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Miami Personal Injury Law Blog

Millions of pounds of chicken recalled due to foreign objects

A recall early this month of Pilgrim's Pride chicken has now been expanded. The new recall, announced on April 26, involves about 4.5 million pounds of chicken. This is in addition to the 41,000 pounds of chicken nuggets that the company previously announced were being recalled. All of the recalled chicken products are cooked.

The chicken is being recalled because consumers reported finding foreign materials including metal, plastic, rubber and wood in them. So far, however, there have been no reports of anyone being harmed by the materials.

Florida among the states with the most malpractice suits

If you judge the worst states in which to get ill or require surgery by the number of malpractice suits filed, Florida is one of them. A study of medical malpractice suits between 2004 and 2014 that involved major injury or death put us at 8th worst in the country. Florida had 41 such cases per 100,000 residents.

Interestingly, many of ten states with the dubious distinction of being the worst are in the eastern part of the country, led by Pennsylvania and New Jersey. New York and Washington, D.C. were also among the top five riskiest states for patients.

Nursing fatigue is a serious risk to patient safety

When we think about medical professionals suffering from fatigue, we often picture overworked residents catching a catnap between shifts. However, hospital risk managers are increasingly realizing that nurses often suffer from fatigue, and that fatigue is a threat to the safety of patients.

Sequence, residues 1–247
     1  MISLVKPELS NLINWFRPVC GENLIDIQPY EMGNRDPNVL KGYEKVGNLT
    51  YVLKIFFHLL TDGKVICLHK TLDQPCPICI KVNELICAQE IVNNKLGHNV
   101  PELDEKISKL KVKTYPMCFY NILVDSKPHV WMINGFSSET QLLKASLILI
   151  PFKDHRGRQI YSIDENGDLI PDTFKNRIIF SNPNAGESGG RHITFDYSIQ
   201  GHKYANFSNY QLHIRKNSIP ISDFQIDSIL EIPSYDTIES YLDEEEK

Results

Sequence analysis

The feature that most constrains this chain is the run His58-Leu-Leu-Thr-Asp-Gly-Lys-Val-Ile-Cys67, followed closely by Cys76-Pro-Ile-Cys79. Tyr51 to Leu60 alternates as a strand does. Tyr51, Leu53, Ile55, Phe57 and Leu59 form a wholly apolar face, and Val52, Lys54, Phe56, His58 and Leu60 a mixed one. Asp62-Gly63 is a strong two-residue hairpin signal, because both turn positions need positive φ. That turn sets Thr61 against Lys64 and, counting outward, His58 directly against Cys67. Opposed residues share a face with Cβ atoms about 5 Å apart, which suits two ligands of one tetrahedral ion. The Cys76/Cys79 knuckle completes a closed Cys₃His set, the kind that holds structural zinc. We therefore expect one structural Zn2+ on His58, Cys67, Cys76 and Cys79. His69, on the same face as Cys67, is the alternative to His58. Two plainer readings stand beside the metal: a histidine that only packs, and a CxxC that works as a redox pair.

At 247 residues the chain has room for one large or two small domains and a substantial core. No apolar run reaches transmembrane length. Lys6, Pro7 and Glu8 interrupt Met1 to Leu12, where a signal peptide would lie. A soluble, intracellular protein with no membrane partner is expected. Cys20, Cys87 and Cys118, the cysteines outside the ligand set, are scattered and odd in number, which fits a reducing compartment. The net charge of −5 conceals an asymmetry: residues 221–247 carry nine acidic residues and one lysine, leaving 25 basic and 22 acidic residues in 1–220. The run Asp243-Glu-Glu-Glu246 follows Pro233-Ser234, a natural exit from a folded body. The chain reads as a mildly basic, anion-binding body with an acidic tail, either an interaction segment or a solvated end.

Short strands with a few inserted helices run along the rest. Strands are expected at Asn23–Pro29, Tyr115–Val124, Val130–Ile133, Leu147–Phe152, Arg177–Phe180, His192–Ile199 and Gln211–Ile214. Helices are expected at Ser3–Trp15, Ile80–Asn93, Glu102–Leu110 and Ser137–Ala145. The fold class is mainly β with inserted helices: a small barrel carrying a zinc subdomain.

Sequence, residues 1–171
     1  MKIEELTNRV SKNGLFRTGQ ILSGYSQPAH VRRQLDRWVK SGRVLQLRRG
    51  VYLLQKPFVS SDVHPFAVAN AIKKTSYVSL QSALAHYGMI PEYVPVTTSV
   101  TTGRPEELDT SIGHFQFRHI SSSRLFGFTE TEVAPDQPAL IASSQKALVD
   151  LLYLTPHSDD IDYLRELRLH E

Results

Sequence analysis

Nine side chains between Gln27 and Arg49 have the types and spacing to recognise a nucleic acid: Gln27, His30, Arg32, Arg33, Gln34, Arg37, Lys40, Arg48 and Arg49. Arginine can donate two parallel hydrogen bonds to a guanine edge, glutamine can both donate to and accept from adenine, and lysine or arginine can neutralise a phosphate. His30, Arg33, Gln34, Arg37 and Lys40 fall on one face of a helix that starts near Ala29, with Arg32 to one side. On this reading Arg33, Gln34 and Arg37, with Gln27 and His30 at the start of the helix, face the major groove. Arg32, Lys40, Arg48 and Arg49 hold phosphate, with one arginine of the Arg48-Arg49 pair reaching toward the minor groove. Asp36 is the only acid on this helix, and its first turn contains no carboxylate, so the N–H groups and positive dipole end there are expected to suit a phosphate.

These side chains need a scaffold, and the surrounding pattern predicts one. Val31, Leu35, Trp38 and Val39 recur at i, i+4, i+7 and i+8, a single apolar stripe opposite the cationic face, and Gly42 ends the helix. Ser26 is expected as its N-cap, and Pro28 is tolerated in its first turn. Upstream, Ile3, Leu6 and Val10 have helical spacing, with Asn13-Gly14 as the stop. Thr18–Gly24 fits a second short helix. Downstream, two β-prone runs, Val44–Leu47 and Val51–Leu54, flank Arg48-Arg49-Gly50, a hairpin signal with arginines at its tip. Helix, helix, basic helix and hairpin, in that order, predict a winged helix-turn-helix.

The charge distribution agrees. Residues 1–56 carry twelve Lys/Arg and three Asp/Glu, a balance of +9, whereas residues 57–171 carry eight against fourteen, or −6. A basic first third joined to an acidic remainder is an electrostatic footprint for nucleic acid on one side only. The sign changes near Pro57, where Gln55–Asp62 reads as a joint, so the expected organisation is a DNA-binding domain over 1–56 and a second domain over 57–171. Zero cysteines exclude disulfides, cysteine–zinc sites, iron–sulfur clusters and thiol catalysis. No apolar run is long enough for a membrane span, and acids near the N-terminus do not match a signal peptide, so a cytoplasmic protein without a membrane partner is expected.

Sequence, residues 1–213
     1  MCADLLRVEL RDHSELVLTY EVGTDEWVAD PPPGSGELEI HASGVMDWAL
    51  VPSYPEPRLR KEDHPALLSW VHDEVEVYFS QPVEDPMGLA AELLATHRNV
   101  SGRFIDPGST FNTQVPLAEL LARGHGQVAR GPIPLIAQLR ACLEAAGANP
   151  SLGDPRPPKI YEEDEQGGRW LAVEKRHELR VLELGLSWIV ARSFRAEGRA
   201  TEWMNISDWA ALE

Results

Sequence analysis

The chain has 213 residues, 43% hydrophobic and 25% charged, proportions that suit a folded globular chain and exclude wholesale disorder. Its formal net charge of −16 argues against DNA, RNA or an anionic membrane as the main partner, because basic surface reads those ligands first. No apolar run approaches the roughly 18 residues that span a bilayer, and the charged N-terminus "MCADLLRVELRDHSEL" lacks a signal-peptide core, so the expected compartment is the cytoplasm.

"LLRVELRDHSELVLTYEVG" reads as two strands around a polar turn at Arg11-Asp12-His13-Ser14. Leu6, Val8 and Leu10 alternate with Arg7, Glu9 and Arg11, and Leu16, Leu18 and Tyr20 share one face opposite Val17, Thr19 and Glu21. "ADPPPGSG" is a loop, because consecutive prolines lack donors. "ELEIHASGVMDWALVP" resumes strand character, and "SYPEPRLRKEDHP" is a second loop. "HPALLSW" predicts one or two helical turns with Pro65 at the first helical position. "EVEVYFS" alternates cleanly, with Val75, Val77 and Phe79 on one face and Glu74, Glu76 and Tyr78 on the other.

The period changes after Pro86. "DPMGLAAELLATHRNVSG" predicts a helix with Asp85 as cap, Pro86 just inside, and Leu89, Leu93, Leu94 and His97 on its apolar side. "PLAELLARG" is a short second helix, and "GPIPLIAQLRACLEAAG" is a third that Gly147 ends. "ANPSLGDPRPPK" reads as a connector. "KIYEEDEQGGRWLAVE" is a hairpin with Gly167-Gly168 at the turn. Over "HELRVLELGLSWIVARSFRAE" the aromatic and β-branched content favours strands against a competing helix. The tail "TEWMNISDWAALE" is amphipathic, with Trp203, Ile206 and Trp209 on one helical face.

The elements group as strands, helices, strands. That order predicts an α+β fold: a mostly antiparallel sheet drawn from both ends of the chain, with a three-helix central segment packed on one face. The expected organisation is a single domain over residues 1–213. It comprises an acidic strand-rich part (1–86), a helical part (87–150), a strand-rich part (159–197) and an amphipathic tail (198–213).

Now it's just a matter of getting hospital administrators to take the necessary actions to help reduce the problem. Risk management experts in the health care field say that if things are going to change, hospitals need to seek scheduling of nurses as a safety issue rather than a budgetary or human resources one.

Truck drivers can and do keep medical conditions a secret

Commercial drivers -- whether they operate trucks, buses or other vehicles -- are required by law to undergo and pass health screenings. However, that's no guarantee that they don't have medical conditions they're unaware of or failing to report to their doctor or the Department of Transportation.

When their career is at stake, some may be less than forthcoming about a medical condition, even one that can seriously affect their health. Some drivers go so far as to illegally obtain a fraudulent medical certificate indicating their fitness to operate a commercial vehicle.

Study: Popular heartburn drugs linked to dementia

For the millions of people who take medication like Prilosec or Nexium for their heartburn and acid reflux, recent news about the potential dangers of drugs like these, known as proton pump inhibitors, has likely been concerning. PPIs have been linked to kidney damage, osteoporosis and heart attacks, among other conditions. They have also been reported to be habit-forming.